The stranger laughed again, throatier and with more rasp than before. All the while he paced slowly around the small room and stroked the tattered wallpaper.

“Could only it be so,” he said smiling. “I’m here for you, Frank. They say that time waits for no man, and I suppose the same could be said of me. It only seems that you’ve taken the work from Father Time and hurried things along. Wouldn’t you say?”

Frank, still frozen in place, watched over his shoulder as the stranger rounded the final corner and then began pacing his way toward him. He was strolling behind his back but Frank was unable to turn.

“I don’t know wh-”

The stranger had closed the gap in another of those impossible moves and was now dropping his chilled, bony hands on Frank’s shoulders. The feeling was both weightless and crushing.

Frank managed to open his sandblasted mouth, but no words would come.

The stranger leaned in to speak directly in Frank’s ear, his breath cold on Frank’s neck and the grin on his thin lips. “The light, Frank. Was it brilliant? Serene?”

Frank nodded, blinking the tears from his tired eyes. “Ye-”

The stranger stopped his reply, planting his wretched hand over Frank’s mouth. Still speaking into his ear he asked, “We knew this day would come, didn’t we? It was always part of the plan. Part of the routine. It only took some time for all the pieces to fall into place. And, now that it’s here…”

The stranger wheeled Frank around on heels that felt not like his own and then they were eye to eye.

Frank saw nothing in those eyes, and everything. They were as flat as gray slate and as deep as the Mariana’s Trench. Transcendental reality swam in the iris while black death crept in the pupil. They were the eyes of every madman and lunatic to ever walk the earth.

“It’s late, Frank. And time we got going. We’ve put it off for far too long, and you’ve evaded me for longer still. Though, it’s not as if you haven’t called to me. Almost every night you courted my arrival, toying with me and only stepping back from the precipice at the last. Oh, but no more, Frank. Tonight we meet and cannot be unmet.”

The stranger leaned closer still, their brows nearly touching. He grinned and grinned, the pale, purple lips stretching to a sickly white. The many teeth bared, slimy and yellowing. The smell...whatever it was…filled Frank’s unwilling nostrils and lungs like ice water. Then the ageless man leaned yet closer, sticking a tongue festering with dull black spots between his teeth, and licked the sweat from Frank’s brow in one long, slow swipe.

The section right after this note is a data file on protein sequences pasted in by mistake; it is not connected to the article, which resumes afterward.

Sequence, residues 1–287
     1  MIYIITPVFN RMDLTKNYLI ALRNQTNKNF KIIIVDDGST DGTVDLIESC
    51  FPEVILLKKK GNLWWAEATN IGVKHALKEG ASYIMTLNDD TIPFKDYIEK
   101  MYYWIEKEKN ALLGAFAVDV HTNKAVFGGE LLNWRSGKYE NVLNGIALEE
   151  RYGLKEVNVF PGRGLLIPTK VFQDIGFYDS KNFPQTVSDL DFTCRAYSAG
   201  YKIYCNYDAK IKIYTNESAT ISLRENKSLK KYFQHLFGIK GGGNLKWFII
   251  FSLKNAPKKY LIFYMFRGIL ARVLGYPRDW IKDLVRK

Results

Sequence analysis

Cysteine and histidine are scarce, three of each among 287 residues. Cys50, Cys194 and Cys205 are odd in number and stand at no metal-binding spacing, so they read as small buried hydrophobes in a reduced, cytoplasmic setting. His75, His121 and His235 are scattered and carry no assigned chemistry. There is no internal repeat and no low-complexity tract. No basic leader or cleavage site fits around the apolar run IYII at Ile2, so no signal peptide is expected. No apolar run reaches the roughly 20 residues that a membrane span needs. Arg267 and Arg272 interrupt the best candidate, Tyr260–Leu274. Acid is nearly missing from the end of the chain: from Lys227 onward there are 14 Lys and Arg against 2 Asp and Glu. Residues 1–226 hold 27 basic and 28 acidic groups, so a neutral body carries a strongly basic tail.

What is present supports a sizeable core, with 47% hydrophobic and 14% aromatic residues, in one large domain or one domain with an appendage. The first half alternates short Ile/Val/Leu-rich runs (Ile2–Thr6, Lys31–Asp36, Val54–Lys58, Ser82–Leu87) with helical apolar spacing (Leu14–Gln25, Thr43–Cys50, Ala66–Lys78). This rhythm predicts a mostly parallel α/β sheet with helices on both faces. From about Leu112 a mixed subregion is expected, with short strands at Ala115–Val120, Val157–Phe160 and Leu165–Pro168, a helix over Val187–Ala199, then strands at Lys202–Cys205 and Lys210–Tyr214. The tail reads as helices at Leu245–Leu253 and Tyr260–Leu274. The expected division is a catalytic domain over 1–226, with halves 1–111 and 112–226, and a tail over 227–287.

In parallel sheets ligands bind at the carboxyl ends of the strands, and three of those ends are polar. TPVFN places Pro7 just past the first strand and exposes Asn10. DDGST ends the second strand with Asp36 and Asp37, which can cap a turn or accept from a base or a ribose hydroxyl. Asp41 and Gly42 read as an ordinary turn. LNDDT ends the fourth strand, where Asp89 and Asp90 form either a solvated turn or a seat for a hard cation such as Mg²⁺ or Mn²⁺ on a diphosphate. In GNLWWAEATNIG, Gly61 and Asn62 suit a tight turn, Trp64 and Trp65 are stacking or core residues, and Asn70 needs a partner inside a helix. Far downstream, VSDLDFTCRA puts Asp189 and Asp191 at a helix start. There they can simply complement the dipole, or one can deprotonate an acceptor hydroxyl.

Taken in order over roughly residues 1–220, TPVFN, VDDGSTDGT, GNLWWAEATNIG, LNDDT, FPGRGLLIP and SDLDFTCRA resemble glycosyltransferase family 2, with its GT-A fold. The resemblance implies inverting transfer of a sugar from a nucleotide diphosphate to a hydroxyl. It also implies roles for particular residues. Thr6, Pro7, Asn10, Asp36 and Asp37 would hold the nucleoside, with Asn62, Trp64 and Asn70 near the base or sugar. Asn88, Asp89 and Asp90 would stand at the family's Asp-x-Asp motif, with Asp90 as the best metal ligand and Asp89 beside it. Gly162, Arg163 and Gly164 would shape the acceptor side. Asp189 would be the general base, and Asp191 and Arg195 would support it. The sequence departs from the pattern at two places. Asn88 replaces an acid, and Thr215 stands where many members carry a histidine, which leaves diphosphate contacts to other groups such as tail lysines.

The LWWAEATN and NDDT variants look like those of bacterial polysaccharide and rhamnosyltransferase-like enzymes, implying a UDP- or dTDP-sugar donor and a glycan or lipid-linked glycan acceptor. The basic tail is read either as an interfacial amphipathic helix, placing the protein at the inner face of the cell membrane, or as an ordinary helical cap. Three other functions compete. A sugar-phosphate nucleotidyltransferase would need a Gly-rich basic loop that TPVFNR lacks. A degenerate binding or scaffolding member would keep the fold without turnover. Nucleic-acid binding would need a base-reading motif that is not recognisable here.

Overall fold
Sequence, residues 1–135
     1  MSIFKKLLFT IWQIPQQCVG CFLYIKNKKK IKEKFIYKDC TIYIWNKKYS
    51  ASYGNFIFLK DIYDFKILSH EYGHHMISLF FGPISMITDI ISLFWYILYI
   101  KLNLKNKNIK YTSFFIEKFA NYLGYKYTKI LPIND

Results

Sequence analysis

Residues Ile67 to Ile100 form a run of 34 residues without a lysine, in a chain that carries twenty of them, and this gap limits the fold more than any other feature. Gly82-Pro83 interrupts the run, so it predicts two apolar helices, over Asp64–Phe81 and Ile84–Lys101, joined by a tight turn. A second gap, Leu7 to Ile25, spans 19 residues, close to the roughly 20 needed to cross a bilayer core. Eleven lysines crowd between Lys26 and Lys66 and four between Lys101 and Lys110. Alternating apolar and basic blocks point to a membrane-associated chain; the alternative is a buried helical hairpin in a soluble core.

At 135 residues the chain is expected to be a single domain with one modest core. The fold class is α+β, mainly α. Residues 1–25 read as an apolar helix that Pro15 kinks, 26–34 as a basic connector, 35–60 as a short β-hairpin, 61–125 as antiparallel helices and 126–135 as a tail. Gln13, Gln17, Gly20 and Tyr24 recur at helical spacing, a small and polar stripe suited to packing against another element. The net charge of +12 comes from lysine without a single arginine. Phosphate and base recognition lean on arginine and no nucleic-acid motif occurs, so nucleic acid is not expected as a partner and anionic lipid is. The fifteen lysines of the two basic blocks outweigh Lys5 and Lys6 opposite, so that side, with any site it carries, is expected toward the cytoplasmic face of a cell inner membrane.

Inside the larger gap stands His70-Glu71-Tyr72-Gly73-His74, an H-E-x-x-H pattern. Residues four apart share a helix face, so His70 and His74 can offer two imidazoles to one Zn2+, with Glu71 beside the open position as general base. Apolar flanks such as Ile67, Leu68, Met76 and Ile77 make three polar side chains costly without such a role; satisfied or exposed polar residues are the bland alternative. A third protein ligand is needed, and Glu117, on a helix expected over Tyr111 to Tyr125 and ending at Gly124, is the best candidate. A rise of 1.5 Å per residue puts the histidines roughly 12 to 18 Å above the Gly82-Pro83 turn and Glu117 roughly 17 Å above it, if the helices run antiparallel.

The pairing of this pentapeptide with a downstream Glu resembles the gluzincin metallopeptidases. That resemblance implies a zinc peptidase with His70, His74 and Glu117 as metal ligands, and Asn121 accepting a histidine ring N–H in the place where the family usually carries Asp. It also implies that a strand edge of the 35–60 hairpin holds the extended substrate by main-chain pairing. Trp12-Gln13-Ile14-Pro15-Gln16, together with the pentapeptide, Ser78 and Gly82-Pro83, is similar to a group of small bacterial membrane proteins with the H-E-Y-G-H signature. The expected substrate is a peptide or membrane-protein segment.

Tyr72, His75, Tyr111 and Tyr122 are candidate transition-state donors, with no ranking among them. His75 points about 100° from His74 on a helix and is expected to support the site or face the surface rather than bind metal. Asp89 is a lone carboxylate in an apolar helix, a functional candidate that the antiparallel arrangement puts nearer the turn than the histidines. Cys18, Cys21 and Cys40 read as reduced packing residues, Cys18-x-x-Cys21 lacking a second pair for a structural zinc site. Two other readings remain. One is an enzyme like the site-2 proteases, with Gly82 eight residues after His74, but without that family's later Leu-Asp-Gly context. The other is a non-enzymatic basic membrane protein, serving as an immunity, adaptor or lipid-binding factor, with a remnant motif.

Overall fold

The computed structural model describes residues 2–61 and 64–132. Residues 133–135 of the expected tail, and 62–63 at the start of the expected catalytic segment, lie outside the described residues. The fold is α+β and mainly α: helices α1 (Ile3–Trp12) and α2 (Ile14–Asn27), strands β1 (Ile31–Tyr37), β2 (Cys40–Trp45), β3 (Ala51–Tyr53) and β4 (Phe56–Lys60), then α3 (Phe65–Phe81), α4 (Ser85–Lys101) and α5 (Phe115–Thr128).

Frank felt his stomach turn a final time and was unaware that his bladder let go. Never in life had he been so frightened as he was now. Never.

The man gave little space, licking his lips and seeming to savor the salty sweat on his leper’s tongue.

“Where…where are you taking me?” Frank asked, his voice a shallow whisper.

The stranger smiled. It was broader and more sour than ever.

“Not where. And not when. What matters is that I’m taking you and there is not a thing to be said to the contrary. It is, after all, routine. You of all people must understand that, Frank.”

Frank swallowed a dry lump in his throat, trying to resign himself to whatever it is this man meant, but unable to do so. He was petrified.

The stranger once more turned Frank, this time to the door, and began to walk with him hand in hand. When they reached the door the stranger turned to Frank, offering that dead man’s grin again. “Some call it serene. Perhaps you will, too.”

Then the door opened without a hand pushing it.

The light in the hall was no longer dim, no longer flickering. It was the deep crimson that Frank had not noticed before. It filled the space, more liquid than light wave.

They stepped into it and the door shut behind them, the hinges wailing in rusted protest.

From inside the apartment one would hear the deep, hollow echo of footsteps on the stairwell. From beneath the door came a thin stream of lazy, flickering yellow light.




Of This World


“911, what’s your emergency?”

“Yes, hello,” said Wilmer Maple, “I’d like to report a dead body. It’s one of the tenants from a building I rent.”

The 911 operator audibly perked at this. “A dead body? Alright, sir. Are you sure they’re dead?”

Mr. Maple looked at the junkie in the recliner, then at the hypodermic and the charred spoon beside it. “Yeah. Damn sure. I only know because the neighbors reported the smell…”

“Alright, sir. Sit tight. I’ve got a squad car coming, as well as an ambulance. Just don’t touch the body.”

Mr. Maple need only to look at the strange, horrible grin on the corpse’s face to know he would not be touching it. He would not even get within ten feet of the wretched thing.

“No, ma’am. I sure won’t.”


Mr. Maple replaced the phone in its cradle and went back to the hall to wait. In the meantime, he could get a start on cleaning up all that fucking mud that somebody tracked into the hallway.




© Copyright 2018 A.L. Paton. All rights reserved.

Add Your Comments:

More Horror Short Stories